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Ibix
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I don't think that the official definition mentions anything related to the time dilation or any specific point or location where the measurement should be taken.
As long as the emission and reception happen at the same height you don't have to worry about it. It's also a very small effect - just about detectable with great care - in a lab setting, whereas Doppler broadening is a large issue unless you insist on cryogenic temperatures.
 
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  • #10
sophiecentaur
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And I think you can correct for the Doppler effect a bit - you know the distribution of velocities of atoms in a gas at a known temperature,
Any precise frequency measurement uses a feedback loop of some kind to lock an oscillator to the source frequency and to reduce random perturbations. Feedback loop all have a low pass filter to 'slow down' the response of the feedback loop. In order to get a reliable measure of frequency in the order of say, 1 part in 1012 (and even a hundred times better) the time constant must be well in excess of 1012 cycles of the comparison frequency. Needless to say, the equipment needs to be switched on for hours - probably even days - to eliminate thermal variations.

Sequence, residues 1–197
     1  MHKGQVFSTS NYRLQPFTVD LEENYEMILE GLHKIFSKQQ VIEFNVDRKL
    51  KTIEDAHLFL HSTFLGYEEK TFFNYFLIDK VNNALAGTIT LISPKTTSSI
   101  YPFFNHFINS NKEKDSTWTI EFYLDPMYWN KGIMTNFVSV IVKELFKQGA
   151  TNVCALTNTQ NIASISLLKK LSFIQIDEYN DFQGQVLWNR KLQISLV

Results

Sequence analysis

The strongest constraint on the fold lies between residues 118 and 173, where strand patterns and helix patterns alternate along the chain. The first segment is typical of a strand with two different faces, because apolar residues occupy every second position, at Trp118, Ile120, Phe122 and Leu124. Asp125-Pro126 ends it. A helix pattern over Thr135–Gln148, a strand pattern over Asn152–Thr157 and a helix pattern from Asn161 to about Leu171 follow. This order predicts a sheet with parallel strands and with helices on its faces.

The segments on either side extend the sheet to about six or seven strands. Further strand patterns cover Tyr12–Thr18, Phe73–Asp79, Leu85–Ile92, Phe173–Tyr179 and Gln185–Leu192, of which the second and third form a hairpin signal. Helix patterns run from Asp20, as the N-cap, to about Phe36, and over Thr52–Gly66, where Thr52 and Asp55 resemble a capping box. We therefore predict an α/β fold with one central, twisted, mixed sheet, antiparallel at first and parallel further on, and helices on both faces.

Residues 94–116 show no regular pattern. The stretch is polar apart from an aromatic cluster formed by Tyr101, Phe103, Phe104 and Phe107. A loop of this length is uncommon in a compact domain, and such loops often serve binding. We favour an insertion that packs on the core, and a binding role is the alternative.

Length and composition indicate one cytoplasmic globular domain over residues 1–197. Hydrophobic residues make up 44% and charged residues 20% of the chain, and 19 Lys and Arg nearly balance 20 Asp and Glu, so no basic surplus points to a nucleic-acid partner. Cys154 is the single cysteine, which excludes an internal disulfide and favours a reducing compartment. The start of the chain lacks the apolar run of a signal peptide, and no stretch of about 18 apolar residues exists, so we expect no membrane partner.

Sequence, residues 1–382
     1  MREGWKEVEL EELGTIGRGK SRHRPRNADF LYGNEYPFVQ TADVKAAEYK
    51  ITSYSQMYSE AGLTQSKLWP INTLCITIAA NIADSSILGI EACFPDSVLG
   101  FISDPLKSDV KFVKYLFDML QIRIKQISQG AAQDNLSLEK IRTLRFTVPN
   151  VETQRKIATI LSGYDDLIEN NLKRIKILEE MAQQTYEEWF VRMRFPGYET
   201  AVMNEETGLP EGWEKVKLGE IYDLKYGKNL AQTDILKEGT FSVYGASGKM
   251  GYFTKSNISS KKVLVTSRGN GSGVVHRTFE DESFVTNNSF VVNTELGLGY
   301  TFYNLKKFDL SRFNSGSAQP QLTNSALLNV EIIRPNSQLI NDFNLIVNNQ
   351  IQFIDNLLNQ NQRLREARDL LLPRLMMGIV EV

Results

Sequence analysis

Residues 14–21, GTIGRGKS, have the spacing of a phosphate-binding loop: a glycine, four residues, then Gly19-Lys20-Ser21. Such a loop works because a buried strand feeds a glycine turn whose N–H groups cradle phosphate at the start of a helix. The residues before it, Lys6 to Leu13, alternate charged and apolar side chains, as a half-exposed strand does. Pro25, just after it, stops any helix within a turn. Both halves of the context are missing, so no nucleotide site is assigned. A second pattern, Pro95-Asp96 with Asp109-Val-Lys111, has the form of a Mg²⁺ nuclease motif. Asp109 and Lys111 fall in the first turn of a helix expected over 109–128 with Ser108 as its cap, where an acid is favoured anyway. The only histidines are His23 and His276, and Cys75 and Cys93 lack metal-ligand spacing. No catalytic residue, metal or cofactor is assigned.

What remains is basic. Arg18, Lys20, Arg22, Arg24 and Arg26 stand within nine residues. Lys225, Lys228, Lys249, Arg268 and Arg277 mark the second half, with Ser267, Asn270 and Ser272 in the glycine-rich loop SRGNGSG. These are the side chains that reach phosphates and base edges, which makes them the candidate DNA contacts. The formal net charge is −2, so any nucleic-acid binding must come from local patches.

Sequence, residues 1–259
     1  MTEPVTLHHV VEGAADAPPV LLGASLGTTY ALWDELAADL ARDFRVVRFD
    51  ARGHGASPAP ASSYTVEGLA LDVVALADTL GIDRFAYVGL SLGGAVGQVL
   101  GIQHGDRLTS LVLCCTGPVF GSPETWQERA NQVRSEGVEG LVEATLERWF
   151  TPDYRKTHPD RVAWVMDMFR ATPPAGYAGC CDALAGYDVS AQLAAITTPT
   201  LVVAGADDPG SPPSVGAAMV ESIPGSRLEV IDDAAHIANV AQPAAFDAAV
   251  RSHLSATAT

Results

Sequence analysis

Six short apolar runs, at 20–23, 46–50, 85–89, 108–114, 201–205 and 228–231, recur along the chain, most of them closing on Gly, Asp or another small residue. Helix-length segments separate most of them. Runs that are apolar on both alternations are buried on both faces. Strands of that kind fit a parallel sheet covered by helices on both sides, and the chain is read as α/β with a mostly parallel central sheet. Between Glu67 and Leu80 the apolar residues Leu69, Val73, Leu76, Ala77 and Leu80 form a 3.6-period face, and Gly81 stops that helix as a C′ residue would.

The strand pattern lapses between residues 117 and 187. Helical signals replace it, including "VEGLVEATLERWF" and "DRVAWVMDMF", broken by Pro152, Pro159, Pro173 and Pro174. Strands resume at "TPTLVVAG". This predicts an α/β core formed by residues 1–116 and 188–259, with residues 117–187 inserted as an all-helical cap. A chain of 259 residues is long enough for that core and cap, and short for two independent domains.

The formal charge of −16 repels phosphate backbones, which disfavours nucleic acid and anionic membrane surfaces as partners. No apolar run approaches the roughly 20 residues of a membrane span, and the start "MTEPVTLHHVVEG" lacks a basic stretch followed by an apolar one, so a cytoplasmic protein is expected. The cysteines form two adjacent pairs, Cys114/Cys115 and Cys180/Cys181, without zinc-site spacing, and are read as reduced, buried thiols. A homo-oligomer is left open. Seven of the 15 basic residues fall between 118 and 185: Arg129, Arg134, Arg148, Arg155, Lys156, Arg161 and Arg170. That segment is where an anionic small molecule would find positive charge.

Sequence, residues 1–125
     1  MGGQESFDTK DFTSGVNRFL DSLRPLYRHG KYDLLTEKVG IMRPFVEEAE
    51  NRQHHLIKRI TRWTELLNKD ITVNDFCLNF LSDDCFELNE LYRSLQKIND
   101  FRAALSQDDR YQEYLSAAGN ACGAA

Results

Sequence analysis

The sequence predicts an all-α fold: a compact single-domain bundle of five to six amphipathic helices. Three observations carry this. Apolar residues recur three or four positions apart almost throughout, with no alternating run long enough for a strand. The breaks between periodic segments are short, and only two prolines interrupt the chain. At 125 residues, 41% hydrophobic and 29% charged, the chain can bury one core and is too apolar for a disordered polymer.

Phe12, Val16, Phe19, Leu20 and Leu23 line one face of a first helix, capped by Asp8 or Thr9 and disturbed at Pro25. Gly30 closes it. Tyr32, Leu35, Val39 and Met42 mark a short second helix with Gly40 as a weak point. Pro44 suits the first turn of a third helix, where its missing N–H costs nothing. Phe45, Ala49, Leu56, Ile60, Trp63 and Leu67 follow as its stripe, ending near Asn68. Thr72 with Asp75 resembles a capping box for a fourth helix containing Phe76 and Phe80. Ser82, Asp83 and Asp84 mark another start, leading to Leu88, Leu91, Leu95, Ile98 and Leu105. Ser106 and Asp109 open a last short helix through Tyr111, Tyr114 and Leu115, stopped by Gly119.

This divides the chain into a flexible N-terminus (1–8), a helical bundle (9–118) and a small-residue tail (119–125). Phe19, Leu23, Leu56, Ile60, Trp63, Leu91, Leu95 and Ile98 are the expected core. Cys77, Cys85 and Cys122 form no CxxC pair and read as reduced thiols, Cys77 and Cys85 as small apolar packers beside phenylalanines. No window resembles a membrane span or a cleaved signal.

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vanhees71
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The Cs-133 definition for the second is very precise. Of course you have to do it at absolute 0 temperature to avoid the Doppler broadening of the resonance to reduce it to the "natural line width", which is very small. On the other hand this hyperfine transition is not the most accurate thinkable definition, and metrologists work on even better standards using optical frequencies either from other atomic transitions. Due to the higher frequency they can get more accurate. Another path is to use nuclear transitions. Here the problem is that usually the frequencies are too high (in the X-ray or ##\gamma##-ray realm) which are hard to get stabilized in a "laser-type" system. Most accurate are frequency combs using a mode-locked laser. There's however a promising candidate, the Thorium-229 isomer transition, which is in the UV range (~150 nm), which can be stabilized using a frequency comb. The advantage of using a nuclear transition as compared to a atomic transistion is that it's much more insensitive to external perturbations.

https://en.wikipedia.org/wiki/Nuclear_clock
https://en.wikipedia.org/wiki/Mode-locking
 
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  • #12
Vanadium 50
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There's however a promising candidate, the Thorium-229 isomer transition
If we could find it. There are several technical difficulties with nuclear clocks, but one fundamental one is that the uncertainty on the transition energy is ~1015 times larger than the width. That's a lot of places to look!
 
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Vanadium 50
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It's measured!
Yay!

The accuracy is however not competitive with atomic clocks yet.
That is true. It's good to 2%, or about half an hour per day. It's not competitive with a mechanical clock yet, but one needs to start somewhere. [no pun intended]Time will tell.[/no pun intended]